Islands want no stink in their air
Residents fear odors from an ethanol plant proposed at the port.
By TImes staff writer
Published February 20, 2007
TAMPA - Living on Davis Islands and Harbour Island has its benefits: easy access to downtown, good restaurants, entertainment and the open bay.
But there's also the Port of Tampa to contend with. Some island residents say they're worried about plans to build an ethanol production plant about 3 miles away at the port.
Among their concerns are emissions from the plant, the possibility of noxious odors and how much water it would need to operate - as much as 500,000 gallons a day, said Harbour Island resident Joyce Schauer.
She criticized the Tampa Port Authority for granting the plant's developer an option to lease 22 acres without performing a study on how the plant would affect port tenants and the surrounding community.
Instead, she said, the agency had Port Sutton EnviroFuels fill out a brief questionnaire on the project.
The Harbour Island Community Services Association plans to send representatives to a meeting today, during which the authority board will consider extending EnviroFuel's lease option six more months.
"Here it was about to appear on the horizon, and nobody knew anything about it," said association president Dave Schlingman. "Until further information comes, showing us that this thing will not affect Harbour Island - we would be opposed to the project."
Ethanol plants in the Midwest have been known to give off noxious smells from the process of fermenting corn into alcohol and from drying corn waste for livestock feed.
While evaluating the project in August 2005, the Port Authority's environmental affairs director wrote that odors could be a problem for the two neighborhoods.
"The prevailing wind from the (southeast) would blow toward (Harbour) Island and Davis Islands," David Parsche wrote in an e-mail to other staffers. "I'm convinced there would be some odor - a combination of a brewery and any feedstock drying operation."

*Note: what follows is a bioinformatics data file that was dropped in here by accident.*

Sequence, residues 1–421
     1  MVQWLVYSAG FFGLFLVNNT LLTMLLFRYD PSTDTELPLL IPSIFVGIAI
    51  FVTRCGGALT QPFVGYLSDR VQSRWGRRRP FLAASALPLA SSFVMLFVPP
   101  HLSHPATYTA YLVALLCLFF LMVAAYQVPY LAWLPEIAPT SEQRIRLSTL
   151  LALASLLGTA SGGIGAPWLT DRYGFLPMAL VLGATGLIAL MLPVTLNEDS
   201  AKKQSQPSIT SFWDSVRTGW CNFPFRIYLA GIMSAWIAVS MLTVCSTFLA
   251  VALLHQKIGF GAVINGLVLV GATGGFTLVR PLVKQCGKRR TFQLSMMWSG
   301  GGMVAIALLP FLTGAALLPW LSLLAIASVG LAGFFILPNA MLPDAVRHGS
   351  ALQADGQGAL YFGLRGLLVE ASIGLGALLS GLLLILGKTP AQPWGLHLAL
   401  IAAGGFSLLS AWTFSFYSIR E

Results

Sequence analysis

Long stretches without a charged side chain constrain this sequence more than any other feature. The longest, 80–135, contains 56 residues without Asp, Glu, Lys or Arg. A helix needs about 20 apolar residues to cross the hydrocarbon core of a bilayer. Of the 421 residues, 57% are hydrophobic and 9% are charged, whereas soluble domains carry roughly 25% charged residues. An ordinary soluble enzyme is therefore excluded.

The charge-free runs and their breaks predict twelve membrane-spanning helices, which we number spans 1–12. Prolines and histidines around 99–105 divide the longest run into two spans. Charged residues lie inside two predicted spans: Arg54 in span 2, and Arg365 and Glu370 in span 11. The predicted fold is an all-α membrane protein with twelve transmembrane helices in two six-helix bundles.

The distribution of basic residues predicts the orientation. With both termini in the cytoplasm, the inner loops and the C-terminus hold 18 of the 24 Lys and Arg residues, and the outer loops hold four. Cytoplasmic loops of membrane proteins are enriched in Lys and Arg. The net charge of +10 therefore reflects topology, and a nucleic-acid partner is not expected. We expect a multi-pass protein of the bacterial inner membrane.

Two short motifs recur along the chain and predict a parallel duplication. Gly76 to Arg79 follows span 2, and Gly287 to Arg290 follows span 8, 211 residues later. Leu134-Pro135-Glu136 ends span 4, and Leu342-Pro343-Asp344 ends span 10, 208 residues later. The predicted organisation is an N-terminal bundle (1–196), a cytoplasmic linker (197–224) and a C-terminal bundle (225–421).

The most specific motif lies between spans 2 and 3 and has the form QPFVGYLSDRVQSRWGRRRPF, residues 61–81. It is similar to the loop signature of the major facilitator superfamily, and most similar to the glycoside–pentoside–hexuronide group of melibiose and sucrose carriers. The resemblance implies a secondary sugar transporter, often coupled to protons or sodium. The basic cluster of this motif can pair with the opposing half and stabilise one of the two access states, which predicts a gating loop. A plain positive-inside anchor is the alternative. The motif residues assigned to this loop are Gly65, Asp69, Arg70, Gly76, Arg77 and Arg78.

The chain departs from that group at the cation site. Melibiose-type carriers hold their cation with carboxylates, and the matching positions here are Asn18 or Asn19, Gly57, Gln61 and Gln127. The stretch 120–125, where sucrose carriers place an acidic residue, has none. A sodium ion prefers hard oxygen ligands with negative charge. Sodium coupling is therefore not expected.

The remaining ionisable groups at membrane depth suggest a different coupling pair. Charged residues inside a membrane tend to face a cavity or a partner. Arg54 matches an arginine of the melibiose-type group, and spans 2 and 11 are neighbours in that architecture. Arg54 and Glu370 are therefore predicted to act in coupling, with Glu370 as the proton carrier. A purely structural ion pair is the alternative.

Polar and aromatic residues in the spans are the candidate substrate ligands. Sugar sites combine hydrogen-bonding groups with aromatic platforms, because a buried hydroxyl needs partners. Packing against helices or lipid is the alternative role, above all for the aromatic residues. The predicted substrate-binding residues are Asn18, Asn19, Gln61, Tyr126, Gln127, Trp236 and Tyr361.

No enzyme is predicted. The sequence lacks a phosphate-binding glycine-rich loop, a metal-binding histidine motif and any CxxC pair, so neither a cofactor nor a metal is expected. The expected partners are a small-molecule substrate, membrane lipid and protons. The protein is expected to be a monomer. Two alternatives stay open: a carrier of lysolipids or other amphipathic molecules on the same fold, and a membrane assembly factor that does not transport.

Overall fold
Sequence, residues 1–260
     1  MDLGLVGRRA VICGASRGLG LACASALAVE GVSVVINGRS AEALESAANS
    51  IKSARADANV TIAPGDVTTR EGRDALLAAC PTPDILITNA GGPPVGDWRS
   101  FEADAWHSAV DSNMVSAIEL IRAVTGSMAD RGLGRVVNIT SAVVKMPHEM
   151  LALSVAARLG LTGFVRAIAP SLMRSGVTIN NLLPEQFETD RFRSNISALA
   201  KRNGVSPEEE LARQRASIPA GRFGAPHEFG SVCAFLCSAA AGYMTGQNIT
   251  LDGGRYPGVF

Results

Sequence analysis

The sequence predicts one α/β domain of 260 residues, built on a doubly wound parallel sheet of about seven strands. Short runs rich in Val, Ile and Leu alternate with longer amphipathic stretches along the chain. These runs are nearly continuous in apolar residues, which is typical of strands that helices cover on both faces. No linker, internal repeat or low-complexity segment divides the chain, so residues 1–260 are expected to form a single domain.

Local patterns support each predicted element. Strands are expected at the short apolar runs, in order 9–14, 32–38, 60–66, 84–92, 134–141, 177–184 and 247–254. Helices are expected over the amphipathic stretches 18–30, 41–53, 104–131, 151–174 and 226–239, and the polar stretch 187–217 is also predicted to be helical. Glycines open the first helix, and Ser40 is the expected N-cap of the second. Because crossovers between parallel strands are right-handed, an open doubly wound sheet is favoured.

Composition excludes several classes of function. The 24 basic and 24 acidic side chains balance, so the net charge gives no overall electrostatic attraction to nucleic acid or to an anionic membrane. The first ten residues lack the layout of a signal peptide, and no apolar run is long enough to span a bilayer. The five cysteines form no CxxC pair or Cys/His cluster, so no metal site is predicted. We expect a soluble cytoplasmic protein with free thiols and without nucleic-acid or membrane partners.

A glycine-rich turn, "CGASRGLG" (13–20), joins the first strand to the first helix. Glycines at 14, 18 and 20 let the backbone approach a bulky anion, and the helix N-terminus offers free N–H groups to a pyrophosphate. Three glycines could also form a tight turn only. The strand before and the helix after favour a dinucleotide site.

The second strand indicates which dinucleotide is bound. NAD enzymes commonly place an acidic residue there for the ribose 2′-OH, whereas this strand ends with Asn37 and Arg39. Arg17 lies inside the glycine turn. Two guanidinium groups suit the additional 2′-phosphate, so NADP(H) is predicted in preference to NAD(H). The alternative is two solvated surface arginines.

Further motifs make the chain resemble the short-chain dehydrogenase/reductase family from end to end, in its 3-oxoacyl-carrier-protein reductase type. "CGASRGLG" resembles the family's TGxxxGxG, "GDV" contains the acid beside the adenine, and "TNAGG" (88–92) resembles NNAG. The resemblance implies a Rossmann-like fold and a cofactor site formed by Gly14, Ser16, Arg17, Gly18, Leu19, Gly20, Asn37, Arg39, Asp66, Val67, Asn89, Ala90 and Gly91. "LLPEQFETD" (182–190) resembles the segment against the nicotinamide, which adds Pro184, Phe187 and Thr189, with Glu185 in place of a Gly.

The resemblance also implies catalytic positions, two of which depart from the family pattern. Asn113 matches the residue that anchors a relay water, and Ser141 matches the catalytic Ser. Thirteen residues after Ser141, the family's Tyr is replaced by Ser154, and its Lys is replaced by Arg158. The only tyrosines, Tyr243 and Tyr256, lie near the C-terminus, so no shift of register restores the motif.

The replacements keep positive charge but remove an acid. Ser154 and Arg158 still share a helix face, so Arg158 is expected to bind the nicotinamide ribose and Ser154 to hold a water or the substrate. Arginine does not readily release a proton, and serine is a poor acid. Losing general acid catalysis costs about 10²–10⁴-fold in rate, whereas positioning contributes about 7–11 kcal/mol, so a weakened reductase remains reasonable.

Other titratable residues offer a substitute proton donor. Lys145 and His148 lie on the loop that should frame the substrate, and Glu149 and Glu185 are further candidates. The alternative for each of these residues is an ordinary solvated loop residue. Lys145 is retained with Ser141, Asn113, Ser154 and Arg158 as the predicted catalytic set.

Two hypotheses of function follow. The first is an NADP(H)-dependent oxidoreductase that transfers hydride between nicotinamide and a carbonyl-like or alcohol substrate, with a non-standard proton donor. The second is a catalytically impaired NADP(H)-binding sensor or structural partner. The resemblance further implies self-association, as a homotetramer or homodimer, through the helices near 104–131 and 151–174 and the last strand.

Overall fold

The plant is at Port Sutton off U.S. 41. The area "is home to numerous industrial activities which can from time to time emit various odors," the Port Authority said in a prepared statement Monday. The agency said it had "limited knowledge" of what kind of odors an ethanol plant produces or how they might travel.
Officials with Port Sutton EnviroFuels said the plant will incorporate modern technology to keep odors to a minimum.
Some smells could drift from the site, but they wouldn't travel as far the island neighborhoods, said president Bradley Krohn.
The company plans to produce 44-million gallons of ethanol a year that would be mixed with gasoline at the port. The project would bring 40 jobs paying an average of $50,000 a year and help the United States and Florida rely less on foreign oil.
The project faces obstacles besides possible smells. A neighboring environmental testing business, PEL Laboratories, has sued in Hillsborough Circuit Court to block construction.
The plant has an air permit from the state that allows the release of as much as 50-million tons of "volatile organic compounds" such as benzene, the lawsuit says. PEL contends that would make it impossible for the company to test soil and water samples for trace elements of those substances.
Bill Wagner, a Harbour Island resident for five years, knows what it's like to live with nasty smells. He lived on Davis Islands 20 years ago, when the stench of cattle wafted from the port to his home.
Wagner doesn't know if domestic ethanol production is a solution to the nation's energy problems or is too fraught with problems.
"If it's really an advantage in terms of helping us with our problems, then maybe I can handle some smell," he said. "If it's like the cows, it would have to be a hell of a lot of benefit for me to go along with it."
[Last modified February 20, 2007, 01:02:11]
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